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Market Commentary

May 2020



Civista Wealth Management Logo
Frank P. Sudal, CFP®, CFA
Trust Investment Management

Total Returns (%) as of April 30, 2020

Fixed Income YTD 1 Mo 3 Mo 1 Yr 3 Yrs 5 Yrs 10 Yrs
U.S Aggregate

4.98

1.78

3.00

10.84

5.17

3.80

3.96

High Yield

-8.75

4.51

-8.78

-4.11

1.87

3.44 5.86
Global

-0.40

1.51

-1.47

3.99

3.10

2.32

1.62

Equities






U.S. Large Cap

-9.29

12.82

-9.26

0.86

9.04

9.12

11.69

U.S. Small Cap

-21.08

13.74 -18.47

-16.39

-0.82 2.88

7.69

Developed International

-17.84

6.46 -16.09

-11.34

-0.58 -0.17 3.55
Emerging Markets

-16.60

9.16

-12.52

-12.00

0.57

-0.10

1.45
Source: Morningstar.  U.S. Aggregate - BBgBarc US Agg Bond.  High Yield - BBgBarc US Corporate High Yield.  Global - FTSE WGBI NonUSD.  U.S. Large Cap - S&P 500.  U.S. Small Cap - Russell 2000.  Developed International - MSCI EAFE.  Emerging Markets - MSCI EM.
 

April 1st is widely known for April Fools’ Day. This year it largely went unrecognized as investors were reeling from historic equity declines in March along with concerns over continued spread of the coronavirus. While friends and family may have abandoned their tricks this year, the market certainly did not hold back. April 1st began a month that ended with the S&P 500 posting its best monthly performance in decades. Plans to reopen the economy and hopes for effective coronavirus treatments bolstered stock prices.

U.S. small caps led the pack by posting a robust 13.74% return in April. U.S. large caps were not far behind, up 12.82%, continuing their lead on a year to date basis. Developed international and emerging market equities also posted positive returns of 6.46% and 9.16%, respectively. High yield bonds recovered 4.51% as investor’s risk appetite returned. U.S. aggregate bonds added 1.78% for the month, allowing it to be the sole asset class in the green for the year. Global bonds lagged behind, but managed to post a 1.51% gain. All asset classes finished the month in positive territory.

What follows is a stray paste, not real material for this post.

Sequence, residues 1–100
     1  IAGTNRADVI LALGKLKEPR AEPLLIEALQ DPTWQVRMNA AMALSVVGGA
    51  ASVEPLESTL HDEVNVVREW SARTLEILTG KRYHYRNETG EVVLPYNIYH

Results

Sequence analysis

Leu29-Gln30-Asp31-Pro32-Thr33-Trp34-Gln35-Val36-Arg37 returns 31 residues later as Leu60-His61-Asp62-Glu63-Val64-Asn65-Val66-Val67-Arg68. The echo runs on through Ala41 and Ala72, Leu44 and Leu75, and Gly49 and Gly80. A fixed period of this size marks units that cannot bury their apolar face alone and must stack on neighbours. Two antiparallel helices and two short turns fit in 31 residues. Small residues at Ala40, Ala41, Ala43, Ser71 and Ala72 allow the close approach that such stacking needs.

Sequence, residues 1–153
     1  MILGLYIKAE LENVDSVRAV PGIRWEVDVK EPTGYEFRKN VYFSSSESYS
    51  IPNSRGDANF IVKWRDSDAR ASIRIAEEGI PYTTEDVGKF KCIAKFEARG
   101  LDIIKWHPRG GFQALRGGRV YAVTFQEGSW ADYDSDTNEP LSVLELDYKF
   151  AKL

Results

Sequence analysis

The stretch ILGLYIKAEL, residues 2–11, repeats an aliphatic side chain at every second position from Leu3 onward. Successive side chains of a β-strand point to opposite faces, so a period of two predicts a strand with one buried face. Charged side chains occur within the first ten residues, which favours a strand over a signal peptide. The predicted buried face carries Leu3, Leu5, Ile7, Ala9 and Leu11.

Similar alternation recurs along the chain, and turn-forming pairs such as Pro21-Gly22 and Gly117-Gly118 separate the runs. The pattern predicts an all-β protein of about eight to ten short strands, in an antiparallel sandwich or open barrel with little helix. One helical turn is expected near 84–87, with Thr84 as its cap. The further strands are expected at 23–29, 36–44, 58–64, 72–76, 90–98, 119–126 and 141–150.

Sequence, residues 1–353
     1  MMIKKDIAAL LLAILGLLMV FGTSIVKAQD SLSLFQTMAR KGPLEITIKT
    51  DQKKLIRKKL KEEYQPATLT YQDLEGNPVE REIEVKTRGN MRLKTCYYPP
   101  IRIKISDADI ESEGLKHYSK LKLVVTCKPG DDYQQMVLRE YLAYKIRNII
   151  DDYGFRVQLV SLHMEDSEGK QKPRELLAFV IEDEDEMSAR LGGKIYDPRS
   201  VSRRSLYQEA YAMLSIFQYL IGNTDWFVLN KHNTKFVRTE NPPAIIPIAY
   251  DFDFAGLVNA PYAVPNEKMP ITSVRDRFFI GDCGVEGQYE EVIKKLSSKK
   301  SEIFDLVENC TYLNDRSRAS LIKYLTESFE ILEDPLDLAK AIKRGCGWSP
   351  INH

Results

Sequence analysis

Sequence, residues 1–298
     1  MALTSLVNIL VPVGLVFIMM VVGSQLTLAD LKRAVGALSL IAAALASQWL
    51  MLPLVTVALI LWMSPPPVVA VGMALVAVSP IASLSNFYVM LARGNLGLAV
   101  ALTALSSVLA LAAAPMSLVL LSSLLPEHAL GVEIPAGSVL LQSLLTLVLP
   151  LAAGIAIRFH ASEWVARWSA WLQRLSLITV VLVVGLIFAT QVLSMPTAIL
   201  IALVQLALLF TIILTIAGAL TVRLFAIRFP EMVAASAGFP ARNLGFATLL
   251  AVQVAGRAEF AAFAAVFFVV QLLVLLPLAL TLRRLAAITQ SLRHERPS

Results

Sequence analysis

2020 may be the year of an unprecedented economic downturn. The U.S. unemployment rate could surpass 20% alongside a 20% decline in quarterly GDP, according to White House economic adviser Kevin Hassett and Treasury Secretary Steven Mnuchin. While coronavirus shocked the global economy into an almost certain recession, businesses are starting to reopen and we may see a quicker recovery than in previous downturns.

The latest projections from the International Monetary Fund (IMF) indicate a decline in GDP of 5.9% for the U.S. and 3% globally this year. The brunt of the declines are expected to occur in the second quarter. However, the IMF also projects a robust increase in GDP of 4.7% for the U.S. and 5.8% globally next year. The market, a leading indicator, is currently looking through the forming economic valley and pricing in the expected recovery.

While we believe that significant volatility will continue, March and April has reminded us why panic is not an effective investment strategy. Investment decisions should focus on individual long-term goals, time horizons, and risk tolerance.  Stay well.